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19 · 01 · 2019

Hesselholdt & Mejlvang – The Beautiful Act of Patriotism

Hesselholdt & Mejlvang presents their art at Danish Cultural Institute opening in India



When visiting DCI in Delhi, guests will notice a special adornment of one of the rooms. Flags colored in different nuances of skin tones line the walls, reminiscent of the many different ethnicities creating the shared culture of the world. The flags are not a statement cooked up by DCI though, it is a work of art, called “A Beautiful Act of Patriotism”, made by artist duo Hesselholdt & Mejlvang.


Focusing on perceptions of race, nationality, oppression and the like, the two artists pose questions about established (Western) symbolic language. They work with a wide variety of objects, with monochrome or near mono-chrome exhibitions as one of their trademarks.

From the group exhibition The Emperor has no Clothes, exhibited in Milwaukee

Here you can read a bit of Hesselholdt & Mejlvang’s artist statement:


“We live in dark times and our work is fundamentally an engagement with this condition and its complex mix of politics and aesthetics. Onthe one hand, it expresses our discontent with the situation by exposing what we perceive to be significant dangers and evils of contemporary culture, from war and xenophobia to ignorance and fear. On the other hand, our work is the creation of images and objects that function as the means to articulate an expanded understanding and advanced critique of these malignant forces. Our focus is the familiar and intimate context of everyday life in 21st century Western society where the mythologies of welfare state security and consumer freedom are the grand narratives. Contrary to the common perception that this context represents the epitome of cultural progress – the overcoming of problems and the achievement of stability – from our point of view it is exactly in this context that the darkness is looming large. Like a virus, it spreads extensively and infects our mindset and behaviours. The effects in themselves are violent but what is equally disturbing is that the darkness has become such an integral part of our habitual settings that we hardly notice it, let alone react to it. This “normalised darkness” and its many guises of innocence are thus primary concerns for us.”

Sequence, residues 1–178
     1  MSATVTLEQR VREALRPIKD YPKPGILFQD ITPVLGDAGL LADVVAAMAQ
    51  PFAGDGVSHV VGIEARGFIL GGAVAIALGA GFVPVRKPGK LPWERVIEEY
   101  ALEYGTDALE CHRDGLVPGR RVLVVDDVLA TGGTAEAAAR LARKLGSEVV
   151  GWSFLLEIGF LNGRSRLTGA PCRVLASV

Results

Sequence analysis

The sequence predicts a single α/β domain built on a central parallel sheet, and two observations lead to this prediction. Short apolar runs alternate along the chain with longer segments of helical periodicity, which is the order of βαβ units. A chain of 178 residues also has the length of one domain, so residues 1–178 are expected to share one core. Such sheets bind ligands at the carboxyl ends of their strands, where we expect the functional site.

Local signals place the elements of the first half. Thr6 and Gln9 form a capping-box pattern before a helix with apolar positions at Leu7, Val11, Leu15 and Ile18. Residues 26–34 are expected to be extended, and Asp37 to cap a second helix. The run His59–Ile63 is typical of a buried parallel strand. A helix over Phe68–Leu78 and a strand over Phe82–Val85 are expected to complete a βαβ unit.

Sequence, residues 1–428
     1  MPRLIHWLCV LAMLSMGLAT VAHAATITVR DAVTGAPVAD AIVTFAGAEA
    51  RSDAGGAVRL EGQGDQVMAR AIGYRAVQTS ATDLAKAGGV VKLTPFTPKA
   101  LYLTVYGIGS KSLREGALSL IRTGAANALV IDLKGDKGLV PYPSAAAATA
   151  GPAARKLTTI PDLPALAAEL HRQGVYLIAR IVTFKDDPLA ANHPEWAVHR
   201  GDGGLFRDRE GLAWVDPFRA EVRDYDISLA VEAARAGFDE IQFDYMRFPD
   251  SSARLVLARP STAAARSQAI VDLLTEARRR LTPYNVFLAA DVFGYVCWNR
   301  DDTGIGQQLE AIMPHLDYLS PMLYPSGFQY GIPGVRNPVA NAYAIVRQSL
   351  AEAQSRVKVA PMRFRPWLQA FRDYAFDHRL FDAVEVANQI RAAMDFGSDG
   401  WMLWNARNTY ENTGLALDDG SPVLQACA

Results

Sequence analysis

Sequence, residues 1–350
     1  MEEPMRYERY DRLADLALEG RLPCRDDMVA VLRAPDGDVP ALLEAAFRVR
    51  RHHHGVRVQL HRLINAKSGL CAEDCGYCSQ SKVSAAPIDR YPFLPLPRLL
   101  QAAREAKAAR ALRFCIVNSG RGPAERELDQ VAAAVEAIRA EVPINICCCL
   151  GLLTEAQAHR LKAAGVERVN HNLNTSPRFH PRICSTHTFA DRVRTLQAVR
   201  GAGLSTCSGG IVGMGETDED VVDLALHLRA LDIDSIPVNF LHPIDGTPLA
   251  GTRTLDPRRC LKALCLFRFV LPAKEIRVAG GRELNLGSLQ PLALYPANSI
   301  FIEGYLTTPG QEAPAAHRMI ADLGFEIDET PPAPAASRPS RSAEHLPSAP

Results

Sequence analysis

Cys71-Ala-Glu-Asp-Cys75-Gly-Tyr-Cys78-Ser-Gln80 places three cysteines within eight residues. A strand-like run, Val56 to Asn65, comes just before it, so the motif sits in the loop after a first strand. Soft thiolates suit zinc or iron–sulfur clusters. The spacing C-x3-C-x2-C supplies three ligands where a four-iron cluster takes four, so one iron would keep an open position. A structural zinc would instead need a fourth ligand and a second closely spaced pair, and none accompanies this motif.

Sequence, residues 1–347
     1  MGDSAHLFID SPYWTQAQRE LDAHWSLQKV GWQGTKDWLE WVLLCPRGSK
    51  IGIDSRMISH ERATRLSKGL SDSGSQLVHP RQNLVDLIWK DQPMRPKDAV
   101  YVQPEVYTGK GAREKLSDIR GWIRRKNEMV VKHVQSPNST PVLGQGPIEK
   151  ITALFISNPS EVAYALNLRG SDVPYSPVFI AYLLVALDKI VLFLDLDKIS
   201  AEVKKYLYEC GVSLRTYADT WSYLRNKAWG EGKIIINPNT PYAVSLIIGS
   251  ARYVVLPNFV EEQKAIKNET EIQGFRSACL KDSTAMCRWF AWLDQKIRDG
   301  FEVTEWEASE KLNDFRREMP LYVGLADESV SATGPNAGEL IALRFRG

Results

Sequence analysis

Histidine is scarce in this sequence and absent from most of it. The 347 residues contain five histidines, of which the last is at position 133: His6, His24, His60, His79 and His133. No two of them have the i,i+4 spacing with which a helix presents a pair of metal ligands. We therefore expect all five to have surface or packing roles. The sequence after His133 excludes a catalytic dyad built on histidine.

Photos: Iben Bach Elmstrøm